For Modification 2, 2012 data from ETA's Office of Foreign Labor Certification's H-2A case disclosure file are used to adjust 2012 COA hired labor expenditures to account for expenditures on H-2A workers. This is accomplished by: (1) Calculating the wages paid to H-2A workers in each State, separately for crop and animal agriculture; and (2) subtracting the resulting H-2A wages from each State's COA hired farm labor expenditures for crop and animal agriculture.

    For the 48 States, H-2A wages in crop agriculture totaled $568,898,447, or 2.45 percent of COA hired and contract labor expenditures in crop agriculture of $23,257,671,553. H-2A wages in crop agriculture ranged from $23,452 in Rhode Island to $66,982,024 in North Carolina. In animal agriculture H-2A wages totaled $37,431,699, or 0.37 percent of COA hired and contract labor expenditures in animal agriculture of $10,190,832,196. H-2A wages in animal agriculture ranged from $0 (12 States) to $9,867,520 in Louisiana.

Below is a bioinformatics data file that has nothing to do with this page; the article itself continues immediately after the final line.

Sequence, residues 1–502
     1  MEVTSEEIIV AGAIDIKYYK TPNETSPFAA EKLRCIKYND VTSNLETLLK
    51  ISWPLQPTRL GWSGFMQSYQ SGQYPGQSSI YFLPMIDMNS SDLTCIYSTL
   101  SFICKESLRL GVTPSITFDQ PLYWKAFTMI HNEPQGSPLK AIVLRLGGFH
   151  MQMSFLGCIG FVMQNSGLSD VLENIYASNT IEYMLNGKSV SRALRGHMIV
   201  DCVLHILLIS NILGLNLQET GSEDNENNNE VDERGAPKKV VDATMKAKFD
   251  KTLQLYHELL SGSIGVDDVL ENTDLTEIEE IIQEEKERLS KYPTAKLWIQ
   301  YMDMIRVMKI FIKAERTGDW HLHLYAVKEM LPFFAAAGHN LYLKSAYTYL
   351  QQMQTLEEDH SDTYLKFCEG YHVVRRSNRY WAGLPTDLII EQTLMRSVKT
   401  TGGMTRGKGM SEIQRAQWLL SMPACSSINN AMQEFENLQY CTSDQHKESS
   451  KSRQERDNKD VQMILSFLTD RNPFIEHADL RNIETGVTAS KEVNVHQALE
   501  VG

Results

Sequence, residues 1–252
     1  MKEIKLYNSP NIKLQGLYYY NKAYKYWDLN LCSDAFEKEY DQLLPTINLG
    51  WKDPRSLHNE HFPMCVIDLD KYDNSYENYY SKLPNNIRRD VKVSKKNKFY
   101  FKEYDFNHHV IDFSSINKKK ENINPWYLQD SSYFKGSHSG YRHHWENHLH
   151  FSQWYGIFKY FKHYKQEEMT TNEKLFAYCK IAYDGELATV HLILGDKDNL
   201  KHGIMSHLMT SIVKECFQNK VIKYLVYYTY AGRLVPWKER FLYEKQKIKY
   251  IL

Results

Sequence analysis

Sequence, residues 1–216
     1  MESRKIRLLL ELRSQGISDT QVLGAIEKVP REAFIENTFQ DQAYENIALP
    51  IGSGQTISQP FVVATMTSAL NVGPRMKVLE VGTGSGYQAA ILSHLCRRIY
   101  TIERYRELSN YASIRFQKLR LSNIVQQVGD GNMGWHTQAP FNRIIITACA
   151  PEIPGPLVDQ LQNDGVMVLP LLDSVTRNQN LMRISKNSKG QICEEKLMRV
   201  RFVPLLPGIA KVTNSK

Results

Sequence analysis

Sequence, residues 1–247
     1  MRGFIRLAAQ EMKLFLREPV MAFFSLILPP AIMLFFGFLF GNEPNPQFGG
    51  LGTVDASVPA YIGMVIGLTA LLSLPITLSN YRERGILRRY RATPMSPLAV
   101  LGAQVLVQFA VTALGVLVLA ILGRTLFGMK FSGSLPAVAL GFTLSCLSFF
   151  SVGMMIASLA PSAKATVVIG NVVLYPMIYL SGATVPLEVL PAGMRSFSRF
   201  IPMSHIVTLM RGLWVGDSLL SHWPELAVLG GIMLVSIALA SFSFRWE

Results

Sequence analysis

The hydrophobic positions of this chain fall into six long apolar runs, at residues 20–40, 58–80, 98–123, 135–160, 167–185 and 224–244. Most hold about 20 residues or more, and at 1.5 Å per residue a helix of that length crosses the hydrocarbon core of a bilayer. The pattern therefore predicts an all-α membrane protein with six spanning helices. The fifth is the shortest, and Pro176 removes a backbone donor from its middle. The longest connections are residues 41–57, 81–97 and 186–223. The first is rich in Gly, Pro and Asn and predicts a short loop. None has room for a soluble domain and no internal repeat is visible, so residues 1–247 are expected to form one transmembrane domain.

In Modification 3, four steps are taken to include eligible dependents of eligible MSFWs in each state's share of the total NFJP-eligible crop worker population. First, utilizing the methodology to estimate each State's number (people-denominated index) of NFJP-eligible crop workers, each State's number of MSFW-eligible crop workers is estimated. Next, the average number of eligible dependents per eligible MSFW is estimated for each of the 12 NAWS sampling regions. In step three, the average number of eligible dependents per eligible MSFW (the result from step 2) for each of the 12 NAWS sampling regions is applied to the corresponding States in the region and then multiplied by the corresponding State's estimated number of eligible MSFWs (from step 1) to obtain each State's number of eligible dependents of eligible MSFWs. In the fourth and final step, each State's estimated number of eligible dependents is added to the State's estimated number of NFJP-eligible crop workers to obtain each State's total eligible (crop-worker plus dependents) population and share of the national eligible population.